What if a new drug could be trademarked instead of patented, keeping generics companies at bay for the life of the trademark, i.e., forever?
That was one of the ideas floated to reporters yesterday by Sanofi-Aventis’ Ray Jupp, VP of the fibrosis and wound repair therapeutic strategic unit, an early-stage research division created as part of Chris Viehbacher’s R&D restructuring in February 2010. Jupp said botanicals are typically patented by process, meaning it’s not the active ingredient or constituent that is proprietary, but the way those chemical constituents are extracted from the plant, and processed.
Since it’s nearly impossible to “back-engineer” a copycat from a finished botanical drug without understanding the extraction and processing methodology, Jupp wondered if there was a way to trademark a plant-derived drug “without giving everything away” during FDA’s drug approval process, which requires public disclosures detailing manufacturing processes. If so, a brand could conceivably retain its trademark forever, and shrug off patent expiry anxiety.
Ann Lamport Hammitte, an attorney focusing on intellectual property law at law firm Lando & Anastasi, said a trademark would protect what a product is called, but it doesn’t protect “what the product is underneath.” In the case of Sanofi, if the process methodology is the trade secret, that wouldn’t need to be disclosed to receive a trademark, but it would have to be disclosed for a patent, said Hammitte.
Jupp said botanical drug research in the past has focused on isolating single chemical constituents, but in many cases, efficacy is lost when plant extracts are fractionated out. In fact, plants themselves “can synthesize molecules in ways scientists can’t,” he said. Using different solvents to make extractions yields different groups of chemical constituents; those combinations mean that botanicals have the potential to impact multiple pathways, according to Ashfaq Parkar, director, transformational sciences, at Sanofi. The company is currently studying 12 unnamed botanicals, at 50 extracts each.
If it’s hard to know exactly what chemicals are at work in a botanical drug combination, wouldn’t that be problematic with respect to approval and commercialization? Well, not according to FDA’s guidance on botanical drugs, from 2004:
In many cases, the active constituent in a botanical drug is not identified, nor is its biological activity well characterized. Therefore, the [Chemistry, Manufacturing and Controls] documentation that should be provided for botanical drugs will often be different from that for synthetic or highly purified drugs, whose active constituents can be more readily chemically identified and quantified. For example, FDA would expect an NDA for a synthetic or highly purified drug to identify the active ingredient. However, it would not be essential for the sponsor of a botanical drug to identify the active constituents (although FDA recommends that this be done if feasible).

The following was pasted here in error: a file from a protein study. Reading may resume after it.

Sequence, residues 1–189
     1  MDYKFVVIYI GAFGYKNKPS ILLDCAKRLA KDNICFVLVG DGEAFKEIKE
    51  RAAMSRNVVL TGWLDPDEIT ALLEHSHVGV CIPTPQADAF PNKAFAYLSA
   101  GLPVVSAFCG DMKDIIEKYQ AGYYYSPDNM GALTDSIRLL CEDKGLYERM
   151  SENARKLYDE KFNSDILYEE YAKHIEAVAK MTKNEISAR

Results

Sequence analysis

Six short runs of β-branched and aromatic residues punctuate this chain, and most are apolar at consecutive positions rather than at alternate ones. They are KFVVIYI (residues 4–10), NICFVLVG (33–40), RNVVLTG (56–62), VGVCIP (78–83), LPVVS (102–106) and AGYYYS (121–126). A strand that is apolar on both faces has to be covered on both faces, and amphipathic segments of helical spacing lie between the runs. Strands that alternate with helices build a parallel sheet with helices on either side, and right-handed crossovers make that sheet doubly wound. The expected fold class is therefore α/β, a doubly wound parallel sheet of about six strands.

Currently, one in four drugs on the market comes from a plant, including Sanofi’s Taxotere injection (from taxus brevifolia, or the Pacific yew tree), said Jupp, adding that new applications for botanical-based drugs require new delivery solutions, since orally formulated products place inherent restrictions on chemists. Fibrosis (which is excessive scarring) and wound repair are therapeutic areas sorely lacking in treatments, said Jupp, using as an example diabetic ulcers; 12% of diabetics get ulcers, which can be debilitating, he said.
In a search through the trademark listings, no large pharmaceutical companies had products listed, though the Italian company Indena S.p.A. had nearly two dozen trademarks for botanicals trademarked for use in the preparation of pharmaceuticals products. Spectrum Pharmaceuticals licensed Indena’s ortataxel in 2007, a third generation taxane for solid tumors, but the drug hasn’t completed phase 2 trials, according to Spectrum’s website.
If Sanofi does end up developing a plant-based treatment for fibrosis, and they do try out the trademark route (and forgo a patent), they most likely won’t be letting reporters back into their research lab to observe the extraction process.